He was a handsome man; tall, well-built and broad-shouldered. He was dressed rather simply – a pair of jeans and a T-shirt, but the outfit complimented him. His the endless night izle shirt in particularly put emphasis on his torso and strong arms, but in a casual, natural way, and not blatantly at all. I don’t really know how to describe him more than that, at least not without tripping into overt flattery. His face, like the rest of him, was handsome. He was in his late thirties, with strong, rugged lines. His eyes were calm and focused, and his hair was dark brown, arranged in a freshly done crew cut.

If I sound like a girl shamelessly fawning over him — well, you aren’t wrong. While I stared at him, unable to look away, a smile was tugging at the corner of his mouth. He shrugged, “Either is fine by me.”

“Did you eat on the plane?” I asked.

“They served two meals. Not that they serve anything interesting. You know, I’d rather have you cook for me.”

“Oh,” I said and chuckled. “You should’ve warned me.”

“I thought we were already clear on all those details, no?”

“I’ve been very busy. I guess it just slipped my mind. But you don’t need to worry about starving, I promise you.”

“What a relief,” he said and winked at me. “You have no idea how worried I was the entire flight here.”

Grant winked. “I’m sure you will.”

It was 15.35 when we stepped through the exit doors, leaving the air-cooled terminal behind and entering the summer heat. High above us, the sun blazed bright from a perfectly cloudless blue sky. August was already nearing its end, but the summer showed no signs of leaving anytime soon. I could almost feel the heat descending upon my skin the moment I stepped out of the shade. I put on my sunglasses and set course for the great parking lot.

“You’ve been having warm weather, I heard,” said Grant as he looked around.

“Yeah,” I said. “It’s horrible.”

“Why’s that?

I shrugged while rummaging through my bag for the car keys. “I’m not a big friend of hot weather.”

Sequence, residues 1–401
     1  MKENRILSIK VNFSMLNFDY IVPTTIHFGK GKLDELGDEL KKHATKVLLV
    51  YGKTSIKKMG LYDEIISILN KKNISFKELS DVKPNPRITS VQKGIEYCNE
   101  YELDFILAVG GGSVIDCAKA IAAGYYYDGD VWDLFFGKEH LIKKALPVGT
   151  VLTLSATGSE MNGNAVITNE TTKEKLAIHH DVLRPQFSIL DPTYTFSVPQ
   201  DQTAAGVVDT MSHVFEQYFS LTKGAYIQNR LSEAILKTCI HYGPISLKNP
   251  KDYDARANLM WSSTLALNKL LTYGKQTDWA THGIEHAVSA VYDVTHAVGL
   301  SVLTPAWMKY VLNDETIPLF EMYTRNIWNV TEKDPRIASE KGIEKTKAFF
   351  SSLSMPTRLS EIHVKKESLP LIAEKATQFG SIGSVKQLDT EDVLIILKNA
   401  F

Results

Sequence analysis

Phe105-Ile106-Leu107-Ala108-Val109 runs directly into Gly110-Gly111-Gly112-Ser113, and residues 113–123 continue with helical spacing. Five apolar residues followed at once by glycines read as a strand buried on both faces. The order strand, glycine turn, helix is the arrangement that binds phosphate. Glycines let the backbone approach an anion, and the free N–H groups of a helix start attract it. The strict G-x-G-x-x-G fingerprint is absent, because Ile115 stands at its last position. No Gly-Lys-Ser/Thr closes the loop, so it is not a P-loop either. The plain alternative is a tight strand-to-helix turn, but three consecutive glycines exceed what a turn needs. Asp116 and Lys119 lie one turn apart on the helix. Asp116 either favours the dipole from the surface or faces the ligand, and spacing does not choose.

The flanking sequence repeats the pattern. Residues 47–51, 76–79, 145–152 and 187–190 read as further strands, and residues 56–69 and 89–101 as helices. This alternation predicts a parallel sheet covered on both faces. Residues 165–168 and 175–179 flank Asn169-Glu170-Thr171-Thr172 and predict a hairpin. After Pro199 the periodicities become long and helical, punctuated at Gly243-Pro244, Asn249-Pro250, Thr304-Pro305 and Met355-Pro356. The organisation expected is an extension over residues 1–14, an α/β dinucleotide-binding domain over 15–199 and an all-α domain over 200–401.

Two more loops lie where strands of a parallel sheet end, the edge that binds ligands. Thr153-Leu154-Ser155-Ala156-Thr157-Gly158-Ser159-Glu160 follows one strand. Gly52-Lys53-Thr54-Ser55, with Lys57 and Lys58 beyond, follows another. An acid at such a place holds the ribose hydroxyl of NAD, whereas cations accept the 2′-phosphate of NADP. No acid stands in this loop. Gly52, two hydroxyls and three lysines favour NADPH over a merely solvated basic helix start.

“Is that so? Huh. I guess that means a vacation to the Bahamas is out of the question, then.”

I almost stopped in my tracks. “What?”

He laughed. “I was toying with this idea, that’s all. If we ever meet up again. Don’t worry, I won’t force you to go on any trips with me.”

“Ah. It’s not that I don’t want to go. I mean, if we were to,” I began, and mentally cringed at myself. Jesus Christ, not ten minutes in and I was already losing the power of coherent speech. “You know what I mean. I’m basically a stick of ice cream, and the moment you hold me in the sun I begin to melt. I’m even the same colour.”

I pulled up my sleeve to show off my arm. Grant laughed again. It was a warm, kind laugh – and I couldn’t help but smile myself at my silly attempt at a joke.

“I guess you’ve got a point. Maybe you should use sunscreen?”

“Trust me,” I said, shaking my head in resignation, “I do.”

“Enough of it?”

“Is it possible to overdose?”

“I don’t think you can, actually.”

“Well… then I regularly almost-overdose.”

I pressed down the key button and my car greeted us with a friendly chirp. I directed Grant to put his baggage in the back and slipped into the driver’s seat. Grant had some more trouble squeezing into the passenger seat due to his size and the limited space between my car and the next, but soon he too was in his seat. I turned the key in the ignition, put the air conditioner on max and headed for the massive parking lot’s exit. Within a minute we were through the toll gate and on the road.